In many cases, a combination of these approaches is used to place a monetary value on a business. Once spouses have a full understanding of the value of this and other assets, they can determine how to divide their marital property fairly. In some cases, one spouse may retain full ownership of a business, while the other receives other assets of a similar monetary value. Spouses may also decide to sell a business and divide the profits, or they may choose to continue to co-own a business after they complete their divorce.

...

TX divorce lawyerref=divided in divorce are usually homes and vehicles, but there is one other asset that can arguably be more important: insurance policies of any kind, most specifically life insurance. Insurance policies can have significant payouts and can tip the balance in terms of property and asset division.

Child Support and Life Insurance

In Texas, if you have children, it is not uncommon that a court may ask you and your spouse to maintain life insurance policies on yourselves as both a way to provide for the children in an emergency and a way to secure child support obligations. The reasoning is not to give the former spouse a payday in the event of your death, but to ensure that your children are adequately provided for. Some former spouses hesitate to do this, but it is almost always the quickest and easiest way to ensure that your children are protected. Also, it is very often the case that the obligation to maintain life insurance results in a slight reduction in child support expenses for the paying parent.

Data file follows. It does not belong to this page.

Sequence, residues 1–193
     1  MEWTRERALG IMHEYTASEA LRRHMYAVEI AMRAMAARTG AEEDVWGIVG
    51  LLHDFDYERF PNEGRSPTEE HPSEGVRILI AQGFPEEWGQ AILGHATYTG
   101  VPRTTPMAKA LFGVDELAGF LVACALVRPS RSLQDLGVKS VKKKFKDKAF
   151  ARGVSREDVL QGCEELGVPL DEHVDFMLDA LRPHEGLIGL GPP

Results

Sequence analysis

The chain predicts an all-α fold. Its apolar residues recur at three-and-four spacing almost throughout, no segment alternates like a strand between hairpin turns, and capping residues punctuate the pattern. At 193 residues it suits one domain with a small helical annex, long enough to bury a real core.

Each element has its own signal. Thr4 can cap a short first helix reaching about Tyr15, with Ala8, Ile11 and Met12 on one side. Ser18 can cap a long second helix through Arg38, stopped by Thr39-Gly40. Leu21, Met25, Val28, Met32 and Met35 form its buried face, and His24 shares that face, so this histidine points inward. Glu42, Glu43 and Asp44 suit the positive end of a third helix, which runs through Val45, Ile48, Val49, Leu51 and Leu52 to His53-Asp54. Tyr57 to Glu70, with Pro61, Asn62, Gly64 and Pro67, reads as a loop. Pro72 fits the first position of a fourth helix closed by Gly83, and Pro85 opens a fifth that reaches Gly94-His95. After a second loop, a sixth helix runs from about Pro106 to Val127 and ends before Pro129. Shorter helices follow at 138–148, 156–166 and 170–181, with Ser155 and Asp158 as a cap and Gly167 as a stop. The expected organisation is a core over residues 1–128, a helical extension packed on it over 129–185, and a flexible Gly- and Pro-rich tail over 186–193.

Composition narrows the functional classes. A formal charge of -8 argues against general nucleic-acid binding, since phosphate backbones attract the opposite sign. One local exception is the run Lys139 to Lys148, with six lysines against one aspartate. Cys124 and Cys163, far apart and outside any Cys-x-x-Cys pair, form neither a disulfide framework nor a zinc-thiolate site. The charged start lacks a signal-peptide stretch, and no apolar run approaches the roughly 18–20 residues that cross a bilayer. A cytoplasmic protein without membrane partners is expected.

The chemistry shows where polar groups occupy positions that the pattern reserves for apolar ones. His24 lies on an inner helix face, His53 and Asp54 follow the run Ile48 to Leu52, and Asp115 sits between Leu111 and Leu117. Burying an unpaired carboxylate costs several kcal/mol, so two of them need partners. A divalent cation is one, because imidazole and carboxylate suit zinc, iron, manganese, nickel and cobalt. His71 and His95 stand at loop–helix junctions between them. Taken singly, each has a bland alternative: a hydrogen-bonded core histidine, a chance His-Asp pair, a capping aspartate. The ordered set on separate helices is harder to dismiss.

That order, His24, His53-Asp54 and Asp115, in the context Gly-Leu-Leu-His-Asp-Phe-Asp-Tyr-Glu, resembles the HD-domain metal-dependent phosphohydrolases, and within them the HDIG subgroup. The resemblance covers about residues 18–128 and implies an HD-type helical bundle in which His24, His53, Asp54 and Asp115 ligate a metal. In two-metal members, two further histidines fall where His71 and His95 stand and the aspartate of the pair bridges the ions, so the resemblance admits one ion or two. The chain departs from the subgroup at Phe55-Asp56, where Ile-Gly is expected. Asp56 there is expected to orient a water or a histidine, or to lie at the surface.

While some have legitimate concerns about money being in the hands of fiscally irresponsible ex-spouses, there is a workaround. The most common is to list your children as the beneficiary of the life insurance policy, rather than your spouse. While your spouse will still have access to the life insurance money (in theory) if it is ever paid out, they will have a fiduciary duty to ensure that the proceeds of the policy be used to benefit the children. Failure to uphold that fiduciary duty can leave them open to contempt or embezzlement charges.

...

TX divorce lawyerWhen parents choose to end their marriage through divorce, they may need to address a variety of complex child custody issues. While parents may be able to work together to reach agreements regarding how they will share custody, disagreements over these or other issues can sometimes spiral out of control and turn threatening or violent. In situations involving family violence or where a parent fears for the safety of themselves or their children, a protective order can address these concerns. However, protective orders can also be based on false accusations, or they may be used in an attempt to gain an unfair advantage during divorce. Those who wish to obtain or defend against a protective order should be sure to work with an experienced family law attorney.